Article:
Gables Service Station
30 June 2005
1928 AC 15-56 'S.F.EDGE SPECIAL'/'ACECA' TWO SEATER DROPHEAD COUPE
Registration No. YV 6626
Chassis No. 14242
Engine No. WM10
Two tone brown with brown interior.
Engine: In-line six cylinder, single overhead camshaft, 1,991cc, triple SU carburettors, 40bhp at 4,000 rpm; Clutch: single plate: Gearbox: manual three speed in unit with rear axle; Brakes: rod operated drum. Right hand drive.
Taking its name from the AutoCarrier tradesman's Tri-car it began building in 1904, the AC Company of South London introduced the Sociable passenger three-wheeler in 1907. It was a competent design and they prospered. In 1913 the company launched a light four-wheeled two-seater distinguished by its rear three speed transaxle and a very early form of disc transmission brake. In the 1920's under the dynamic leadership of Governing Director S.F. Edge, the company attacked the quality light car market, initally with a 11.9hp side-valve four, later with a long-stroke single overhead camshaft-powered six cylinder designed by the innovative John Weller.
The Light Six came in both 1,500cc and two-litre sizes, and the company was quickly accepted as the source of a range of particularly well-finished and lively medium-priced automobiles. The slender two-seater open tourer, with wide bench seat matched by a right-hand gear lever, offering a spacious double dickey seat, was particularly successful - whether in the form of this car as the 'Aceca' with wind-up windows or in simpler Royal or Acedes variants with removable celluloid sidescreens. Throughout the 1920s the basic chassis, still with gearbox in unit with the real axle, was developed and improved; front wheel brakes arriving in 1927.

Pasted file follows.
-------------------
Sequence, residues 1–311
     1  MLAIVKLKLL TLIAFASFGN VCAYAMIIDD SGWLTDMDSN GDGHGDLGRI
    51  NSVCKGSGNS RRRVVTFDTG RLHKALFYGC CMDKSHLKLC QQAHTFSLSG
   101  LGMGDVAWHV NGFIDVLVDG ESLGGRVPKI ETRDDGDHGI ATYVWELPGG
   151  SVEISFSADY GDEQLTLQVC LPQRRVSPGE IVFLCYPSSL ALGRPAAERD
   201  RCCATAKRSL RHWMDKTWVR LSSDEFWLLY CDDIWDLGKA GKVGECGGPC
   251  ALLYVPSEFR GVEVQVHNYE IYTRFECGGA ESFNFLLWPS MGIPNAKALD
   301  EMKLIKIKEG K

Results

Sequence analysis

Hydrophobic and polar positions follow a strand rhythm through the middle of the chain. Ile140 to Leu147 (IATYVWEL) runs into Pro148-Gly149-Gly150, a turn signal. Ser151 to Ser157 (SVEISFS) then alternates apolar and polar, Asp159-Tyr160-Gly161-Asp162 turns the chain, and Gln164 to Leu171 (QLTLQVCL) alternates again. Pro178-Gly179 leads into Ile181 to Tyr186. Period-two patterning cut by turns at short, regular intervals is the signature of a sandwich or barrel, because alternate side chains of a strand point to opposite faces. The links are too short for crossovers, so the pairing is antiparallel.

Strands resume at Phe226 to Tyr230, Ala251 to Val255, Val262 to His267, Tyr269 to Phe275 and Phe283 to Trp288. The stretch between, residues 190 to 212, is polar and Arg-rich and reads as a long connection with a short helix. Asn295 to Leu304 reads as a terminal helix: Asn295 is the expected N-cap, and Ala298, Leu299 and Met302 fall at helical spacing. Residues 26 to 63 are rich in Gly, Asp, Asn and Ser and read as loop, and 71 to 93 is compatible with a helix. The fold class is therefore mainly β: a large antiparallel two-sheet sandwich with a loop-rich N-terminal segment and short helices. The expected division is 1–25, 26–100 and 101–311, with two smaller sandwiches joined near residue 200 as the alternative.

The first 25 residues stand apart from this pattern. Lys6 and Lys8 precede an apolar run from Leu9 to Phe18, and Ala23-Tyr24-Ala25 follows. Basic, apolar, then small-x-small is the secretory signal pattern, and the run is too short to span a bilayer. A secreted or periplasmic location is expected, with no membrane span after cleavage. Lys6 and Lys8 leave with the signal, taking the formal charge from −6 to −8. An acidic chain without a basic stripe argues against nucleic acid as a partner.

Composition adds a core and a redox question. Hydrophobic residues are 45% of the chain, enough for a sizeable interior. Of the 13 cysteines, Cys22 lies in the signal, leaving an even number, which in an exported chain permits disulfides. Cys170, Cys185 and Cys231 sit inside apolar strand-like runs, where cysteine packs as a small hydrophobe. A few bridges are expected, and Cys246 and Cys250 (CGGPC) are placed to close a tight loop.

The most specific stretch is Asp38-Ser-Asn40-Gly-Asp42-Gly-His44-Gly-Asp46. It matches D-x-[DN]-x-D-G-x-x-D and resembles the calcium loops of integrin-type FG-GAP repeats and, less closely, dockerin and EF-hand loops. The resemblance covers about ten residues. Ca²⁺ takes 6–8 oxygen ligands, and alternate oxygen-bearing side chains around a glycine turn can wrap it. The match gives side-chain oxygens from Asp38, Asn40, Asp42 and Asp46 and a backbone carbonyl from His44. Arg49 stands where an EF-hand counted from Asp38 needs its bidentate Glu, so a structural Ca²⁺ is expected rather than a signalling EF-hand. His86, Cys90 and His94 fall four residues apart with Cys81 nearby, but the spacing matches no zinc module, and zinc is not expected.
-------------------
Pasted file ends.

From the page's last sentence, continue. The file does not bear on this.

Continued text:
According to a plaque it wears this car was supplied through Pytchley Automobile Co. of Great Portland St. London, the car was then registered to its London owner in 1928. The car was next seen publicly when offered for sale by Sotheby's in 1965, at which time the car was described as follows: 'This very original example has had only two owners, was maintained by the factory for the first ten years of its life and has been stored for two periods, 1939-1945 and 1957-1965.' This makes sense since even today the car still wears an expired tax disc from 1957. In the run up to this auction it had been on display at The Midland Motor Museum.
Unfortunately there is no paperwork to prove whether the Sharpe Family were the buyers of the car on that day but it certainly seems most likely, since this was during one of their most active buying periods.
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No VAT will be charged on the hammer price, but VAT at 17.5% will be added to the buyer's premium, which is invoiced on a VAT inclusive basis.
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